Scam artists thrive on fear, and the coronavirus (COVID-19) pandemic has not slowed their illegal schemes. They are now using today’s financial uncertainty to trick Social Security beneficiaries into thinking their payments will be suspended unless they provide personal information to the scammer by phone, email or text.

The Social Security Office of the Inspector General has confirmed, however, that beneficiaries will continue to receive scheduled payments during the current COVID-19 pandemic. Any letters, texts, emails or phone calls stating otherwise are a scam.

“The Social Security Administration will not suspend or discontinue your payments due to COVID-19,” said Arkansas Attorney General Leslie Rutledge. “I urge anyone who receives a scam request for your personal bank account information to hang up the phone immediately.”

Scam artists have sent letters to Social Security beneficiaries by mail and stated that benefit payments will be canceled unless he or she contacts the phone number identified in the letter. Some of these letters may even include a reference number in order to suggest that the letter is legitimate.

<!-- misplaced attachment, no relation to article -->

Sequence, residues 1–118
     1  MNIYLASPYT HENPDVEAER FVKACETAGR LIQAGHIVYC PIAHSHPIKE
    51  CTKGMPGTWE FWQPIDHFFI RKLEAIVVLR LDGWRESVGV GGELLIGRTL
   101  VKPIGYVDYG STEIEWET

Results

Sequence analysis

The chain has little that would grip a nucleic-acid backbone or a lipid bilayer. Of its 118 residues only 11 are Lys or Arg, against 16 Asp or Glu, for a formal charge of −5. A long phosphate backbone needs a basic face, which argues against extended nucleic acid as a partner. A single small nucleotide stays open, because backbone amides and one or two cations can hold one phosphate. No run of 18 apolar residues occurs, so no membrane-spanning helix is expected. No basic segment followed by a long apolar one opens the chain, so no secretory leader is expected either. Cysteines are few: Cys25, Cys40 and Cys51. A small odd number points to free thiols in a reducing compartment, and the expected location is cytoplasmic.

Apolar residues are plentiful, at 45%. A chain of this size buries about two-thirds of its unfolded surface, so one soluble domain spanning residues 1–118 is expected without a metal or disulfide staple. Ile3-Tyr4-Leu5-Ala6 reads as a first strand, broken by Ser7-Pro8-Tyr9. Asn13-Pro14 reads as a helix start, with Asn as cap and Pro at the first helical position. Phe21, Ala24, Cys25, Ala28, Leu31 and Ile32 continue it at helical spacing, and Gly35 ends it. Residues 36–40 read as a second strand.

Upon calling the phone number provided, beneficiaries are asked to give personal information or to make a payment with gift cards, wire transfers, internet currency or by mailing cash to ensure social security payments.

To report this scam to the Social Security Administration, contact its fraud hotline at 1-800-269-0271, or file a complaint with the Federal Trade Commission.

The Attorney General’s Office created a page that links to state and federal government resource pages for COVID-19 at Contact the office with any concerns about scams at (800) 482-8982.